BY STANLEY GOLDBERG, Guest Columnist

Photo courtesy of tranquilshores.org
Photo courtesy of tranquilshores.org

Stanley Goldberg is a guest columnist for The Michigan Journal. Stanley’s views do not necessarily reflect those of The Journal.

My first emphasis must be how grateful and blessed I feel to be an American. When I think of all the citizens of the world who are hoping to live in the United States, I know that we must never forget the freedoms, opportunities and successes that we have in living here. I am reminded of this in various ways.

I am a native-born American. Both of my parents came to this country when they were young. My mother emigrated from Poland when she was about 12. My father came here from Lithuania when he was approximately 16. They both immigrated with their families after World War I. Each remembers living through the war and the hardships their families endured. For my mother, this included vivid memories of her father and other men being forcibly taken away at gunpoint into the army without any knowledge of their whereabouts for several years. For my father, there was extreme religious prejudice requiring the family to move to another part of the country within 48 hours by direct order of the Czar.

My parents were very fortunate in the opportunities they could pursue. Often it is reported that the second generation achieves upward mobility by virtue of achieving higher education. For my parents coming to this country at an early age, they enrolled in  school where they each lived. For my mother, this was in Kingston, New York and for my father this was in Detroit, Michigan. They each continued their education after high school by going to college and then both obtained a master’s degree in social work. This obviously gave each of them the ability to pursue a meaningful job and earn a decent salary.

My parents met and married while working at the same social work agency in New York City. After moving to Detroit, my siblings and I went through Detroit Public Schools for an excellent education. The three of us then went to Wayne State University at different times and then pursued graduate degrees. Because of the emphasis on education so valued by my parents, this became a guiding direction for me.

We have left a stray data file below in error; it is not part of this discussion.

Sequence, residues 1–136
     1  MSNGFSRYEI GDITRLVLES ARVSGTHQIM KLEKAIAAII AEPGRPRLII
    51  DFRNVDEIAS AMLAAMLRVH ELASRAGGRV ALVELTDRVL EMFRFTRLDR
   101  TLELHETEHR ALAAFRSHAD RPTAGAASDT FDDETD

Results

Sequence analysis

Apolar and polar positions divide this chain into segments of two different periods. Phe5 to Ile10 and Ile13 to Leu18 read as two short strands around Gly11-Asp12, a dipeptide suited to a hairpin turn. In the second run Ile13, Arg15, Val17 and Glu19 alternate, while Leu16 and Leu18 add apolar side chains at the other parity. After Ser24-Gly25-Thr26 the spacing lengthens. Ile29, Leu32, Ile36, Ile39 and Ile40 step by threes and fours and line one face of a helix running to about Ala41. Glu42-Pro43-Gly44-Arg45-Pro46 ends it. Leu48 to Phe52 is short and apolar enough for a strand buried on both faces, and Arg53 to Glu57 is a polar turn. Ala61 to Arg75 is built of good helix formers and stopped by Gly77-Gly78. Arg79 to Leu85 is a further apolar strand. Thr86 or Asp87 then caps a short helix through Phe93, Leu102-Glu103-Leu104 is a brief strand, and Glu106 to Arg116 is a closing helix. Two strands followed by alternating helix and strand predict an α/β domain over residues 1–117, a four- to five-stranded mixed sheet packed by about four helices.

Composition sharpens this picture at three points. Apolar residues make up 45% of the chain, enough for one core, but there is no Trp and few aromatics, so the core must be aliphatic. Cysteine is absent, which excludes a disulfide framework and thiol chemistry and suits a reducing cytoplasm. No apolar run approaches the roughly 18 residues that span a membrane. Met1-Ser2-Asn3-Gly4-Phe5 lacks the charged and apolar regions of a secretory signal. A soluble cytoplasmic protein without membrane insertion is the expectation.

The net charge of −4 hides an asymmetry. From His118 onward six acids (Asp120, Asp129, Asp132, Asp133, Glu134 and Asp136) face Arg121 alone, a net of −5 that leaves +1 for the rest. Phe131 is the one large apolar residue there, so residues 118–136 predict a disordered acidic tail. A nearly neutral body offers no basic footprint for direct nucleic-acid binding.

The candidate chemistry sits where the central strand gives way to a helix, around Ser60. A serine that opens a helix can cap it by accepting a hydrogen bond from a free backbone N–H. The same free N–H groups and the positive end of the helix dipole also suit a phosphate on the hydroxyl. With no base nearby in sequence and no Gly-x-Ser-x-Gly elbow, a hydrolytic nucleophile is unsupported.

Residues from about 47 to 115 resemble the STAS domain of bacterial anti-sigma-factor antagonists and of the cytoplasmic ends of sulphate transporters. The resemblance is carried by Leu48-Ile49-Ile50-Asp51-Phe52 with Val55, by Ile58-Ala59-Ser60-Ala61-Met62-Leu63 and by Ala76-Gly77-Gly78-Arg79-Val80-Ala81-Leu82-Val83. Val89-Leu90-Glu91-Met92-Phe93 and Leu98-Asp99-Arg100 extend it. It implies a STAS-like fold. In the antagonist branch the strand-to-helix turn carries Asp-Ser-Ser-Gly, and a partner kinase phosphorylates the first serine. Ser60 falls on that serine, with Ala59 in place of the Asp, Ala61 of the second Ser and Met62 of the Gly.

I was fortunate in that my father wrote a lengthy life journal detailing his experiences. This began with his first memories of living in Lithuania and its hardships there and he continued to chronicle his life until his senior years. When one can read firsthand family accounts of life prior to the United States, it certainly reinforces one’s perspective regarding the blessings of being a citizen here.

I live in a community where there are a substantial number of families who have immigrated to the United States. As a result, I am reminded once again of the universal quest for a safe and secure place in which to raise one’s family and why they want to come here.

Similarly, I see this when I attend classes at the University of Michigan-Dearborn. There are students who have come to this country from other places and like many generations before them, and pursue education as a path to success.

My volunteer work affords me another opportunity to directly feel the blessings of American life. I volunteer once per week at the Canton, Michigan library working with individuals who have come to this country at various times and want to study English. Some are here for a temporary period while others are here permanently. Their appreciation of life in the United States is a beautiful statement. They are such a friendly group and it is a joy to be with them. One of our weekly group lessons made me realize how even common matters are to be treasured. We were to discuss family history and I asked them to bring in family photos, including perhaps a wedding picture. One of our group members who came here from a communist country said he and his wife have no wedding pictures. He informed me that under their system when they got married many years ago, they were not allowed to take such photographs. Freedom happens in simple ways that we may not always consider.

The annual Memorial Day holiday in May and July 4 serve as constant reminders to Americans of all of our fortunes in living in the United States. I relish these holidays. In addition, the circumstances I have identified in this brief article provide me with a deeper appreciation and joy for the blessings of being a citizen of this country.